* Kaci Hickox, the non-Ebola-having nurse who was essentially imprisoned by the state of New Jersey, pretty much just kicked Chris Christie’s butt:
Even as New Jersey officials on Monday released a nurse they had kept quarantined in a tent since her return from treating Ebola patients in Sierra Leone, an unapologetic Gov.Chris Christie dismissed those who questioned his handling of the case and denied that he had reversed himself.
The nurse, Kaci Hickox, 33, who had been working with Doctors Without Borders, became the first public test case for a mandatory quarantine that both Mr. Christie and Gov. Andrew M. Cuomo of New York announced on Friday.
Ms. Hickox’s lawyer, Steven Hyman, said she had been released midday on Monday from University Hospital in Newark. A hospital spokeswoman said that two black S.U.V.s with tinted windows were headed to Maine, with the patient as a passenger in one. The spokeswoman, Stacie Newton, declined to say where in Maine the convoy was going, or whose vehicles they were.
The nurse’s departure, enshrouded in secrecy, capped a whirlwind four days in which Ms. Hickox criticized Mr. Christie’s quarantine policy, hired a legal team to defend her civil rights and had the governor defending a policy that he announced in association with Mr.. Cuomo.
If Chris Christie can’t stand up to a nurse, can we be sure he’ll stand up for America?
* An editorial in the New England Journal of Medicine goes after certain unnamed governors for the quarantine policy:
A cynic would say that all these “facts” are derived from observation and that it pays to be 100% safe and to isolate anyone with a remote chance of carrying the virus. What harm can that approach do besides inconveniencing a few health care workers? We strongly disagree. Hundreds of years of experience show that to stop an epidemic of this type requires controlling it at its source. Médecins sans Frontières, the World Health Organization, the U.S. Agency for International Development (USAID), and many other organizations say we need tens of thousands of additional volunteers to control the epidemic. We are far short of that goal, so the need for workers on the ground is great. These responsible, skilled health care workers who are risking their lives to help others are also helping by stemming the epidemic at its source. If we add barriers making it harder for volunteers to return to their community, we are hurting ourselves.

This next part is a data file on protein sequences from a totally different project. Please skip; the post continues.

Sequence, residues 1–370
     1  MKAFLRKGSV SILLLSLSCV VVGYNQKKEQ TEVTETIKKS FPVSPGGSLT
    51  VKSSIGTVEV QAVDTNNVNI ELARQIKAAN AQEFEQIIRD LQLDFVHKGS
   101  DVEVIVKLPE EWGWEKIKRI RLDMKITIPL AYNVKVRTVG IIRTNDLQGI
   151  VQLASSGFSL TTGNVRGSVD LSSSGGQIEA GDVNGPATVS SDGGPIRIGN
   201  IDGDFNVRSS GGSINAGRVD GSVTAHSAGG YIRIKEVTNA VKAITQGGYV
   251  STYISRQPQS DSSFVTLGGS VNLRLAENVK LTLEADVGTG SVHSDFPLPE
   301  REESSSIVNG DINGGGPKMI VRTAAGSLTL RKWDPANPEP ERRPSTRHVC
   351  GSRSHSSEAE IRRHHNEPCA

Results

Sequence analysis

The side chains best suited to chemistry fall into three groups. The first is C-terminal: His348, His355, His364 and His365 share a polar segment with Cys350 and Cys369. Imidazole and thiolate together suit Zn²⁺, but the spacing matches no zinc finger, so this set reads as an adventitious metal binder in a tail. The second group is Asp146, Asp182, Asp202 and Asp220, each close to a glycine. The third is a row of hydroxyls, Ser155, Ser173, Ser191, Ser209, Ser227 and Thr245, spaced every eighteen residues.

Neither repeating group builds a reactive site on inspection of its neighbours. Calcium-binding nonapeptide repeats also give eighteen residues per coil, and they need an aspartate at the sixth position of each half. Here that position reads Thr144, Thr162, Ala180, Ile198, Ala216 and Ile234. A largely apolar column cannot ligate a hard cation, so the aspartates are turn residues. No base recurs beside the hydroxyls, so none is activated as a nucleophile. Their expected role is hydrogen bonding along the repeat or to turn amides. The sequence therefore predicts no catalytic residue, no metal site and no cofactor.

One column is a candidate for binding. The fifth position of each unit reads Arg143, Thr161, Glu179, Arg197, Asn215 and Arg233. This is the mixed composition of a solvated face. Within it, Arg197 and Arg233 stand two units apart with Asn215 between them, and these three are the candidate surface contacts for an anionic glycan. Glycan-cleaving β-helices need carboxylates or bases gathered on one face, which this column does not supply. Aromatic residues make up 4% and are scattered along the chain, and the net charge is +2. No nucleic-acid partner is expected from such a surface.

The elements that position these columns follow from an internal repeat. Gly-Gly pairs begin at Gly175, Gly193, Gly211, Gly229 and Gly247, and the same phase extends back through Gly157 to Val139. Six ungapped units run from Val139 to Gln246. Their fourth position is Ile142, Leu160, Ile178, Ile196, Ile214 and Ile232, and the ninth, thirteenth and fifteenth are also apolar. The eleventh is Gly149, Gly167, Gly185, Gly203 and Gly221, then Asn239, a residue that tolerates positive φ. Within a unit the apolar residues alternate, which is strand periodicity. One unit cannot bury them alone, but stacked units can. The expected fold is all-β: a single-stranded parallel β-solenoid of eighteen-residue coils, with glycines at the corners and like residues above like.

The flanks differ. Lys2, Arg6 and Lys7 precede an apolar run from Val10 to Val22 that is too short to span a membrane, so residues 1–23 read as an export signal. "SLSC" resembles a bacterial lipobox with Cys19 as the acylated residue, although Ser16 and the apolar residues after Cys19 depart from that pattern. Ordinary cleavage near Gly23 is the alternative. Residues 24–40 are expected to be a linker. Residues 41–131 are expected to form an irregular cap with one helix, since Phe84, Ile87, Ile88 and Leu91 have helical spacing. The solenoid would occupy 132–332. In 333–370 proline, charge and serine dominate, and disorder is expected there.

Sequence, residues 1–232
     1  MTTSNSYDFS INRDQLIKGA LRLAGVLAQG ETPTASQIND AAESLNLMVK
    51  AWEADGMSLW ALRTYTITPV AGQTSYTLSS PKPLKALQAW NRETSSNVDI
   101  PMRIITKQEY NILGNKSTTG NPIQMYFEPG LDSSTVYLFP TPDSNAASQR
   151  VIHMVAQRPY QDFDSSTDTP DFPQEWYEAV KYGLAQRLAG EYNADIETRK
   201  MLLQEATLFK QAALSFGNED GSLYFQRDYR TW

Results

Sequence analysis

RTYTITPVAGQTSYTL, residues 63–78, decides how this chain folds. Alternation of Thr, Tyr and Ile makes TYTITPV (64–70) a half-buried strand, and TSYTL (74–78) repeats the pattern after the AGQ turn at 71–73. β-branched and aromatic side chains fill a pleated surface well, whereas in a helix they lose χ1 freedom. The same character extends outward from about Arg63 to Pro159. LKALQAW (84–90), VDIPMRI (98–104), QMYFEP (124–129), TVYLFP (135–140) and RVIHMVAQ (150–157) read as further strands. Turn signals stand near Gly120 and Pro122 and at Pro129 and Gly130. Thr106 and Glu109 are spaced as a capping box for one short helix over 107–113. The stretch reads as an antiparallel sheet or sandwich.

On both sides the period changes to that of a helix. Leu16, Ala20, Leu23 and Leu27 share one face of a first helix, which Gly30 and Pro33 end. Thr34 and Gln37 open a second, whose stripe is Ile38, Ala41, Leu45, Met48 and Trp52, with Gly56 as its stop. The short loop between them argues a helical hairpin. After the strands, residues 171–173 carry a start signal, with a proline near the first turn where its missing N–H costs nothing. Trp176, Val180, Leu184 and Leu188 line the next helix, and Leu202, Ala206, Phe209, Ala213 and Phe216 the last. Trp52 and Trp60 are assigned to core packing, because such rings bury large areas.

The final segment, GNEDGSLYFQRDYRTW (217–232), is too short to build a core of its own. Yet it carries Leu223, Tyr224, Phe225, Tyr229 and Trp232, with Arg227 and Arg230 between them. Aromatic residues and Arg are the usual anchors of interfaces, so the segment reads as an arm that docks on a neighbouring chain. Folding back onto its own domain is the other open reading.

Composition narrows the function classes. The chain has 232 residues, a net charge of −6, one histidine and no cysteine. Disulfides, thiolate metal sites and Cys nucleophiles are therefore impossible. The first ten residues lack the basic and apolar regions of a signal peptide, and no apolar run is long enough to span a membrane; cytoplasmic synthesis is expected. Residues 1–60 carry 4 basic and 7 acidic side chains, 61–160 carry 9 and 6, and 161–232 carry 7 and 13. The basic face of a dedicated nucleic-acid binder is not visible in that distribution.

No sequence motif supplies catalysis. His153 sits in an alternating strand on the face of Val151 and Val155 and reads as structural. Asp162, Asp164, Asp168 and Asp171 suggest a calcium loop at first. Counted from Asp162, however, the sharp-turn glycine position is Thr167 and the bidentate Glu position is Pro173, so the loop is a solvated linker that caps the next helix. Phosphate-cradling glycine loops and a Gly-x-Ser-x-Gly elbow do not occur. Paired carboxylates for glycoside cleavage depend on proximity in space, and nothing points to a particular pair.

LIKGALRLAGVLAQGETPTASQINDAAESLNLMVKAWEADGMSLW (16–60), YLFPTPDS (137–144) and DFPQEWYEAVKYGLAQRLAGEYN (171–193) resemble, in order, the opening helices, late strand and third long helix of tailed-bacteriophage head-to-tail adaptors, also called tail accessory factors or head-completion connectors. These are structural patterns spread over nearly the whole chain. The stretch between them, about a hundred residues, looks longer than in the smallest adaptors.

But when irrational fears and political opportunism meet, it’s like magic.
* A new CNN poll shows some results that both parties can point to. Democrats lead by one in the generic House ballot, which raises questions about where that GOP wave is. On the other hand, 36 percent of Republicans are “extremely enthusiastic” or “very enthusiastic” about voting this year, compared to only 26 percent of Democrats.
* A new Suffolk poll of Louisiana shows neither Senator Mary Landrieu nor challenger Bill Cassidy will get to 50 percent, but in the runoff that will result, Cassidy leads by 48-41. It’s worth remembering runoffs are unpredictable, but it looks like we’re heading for one here.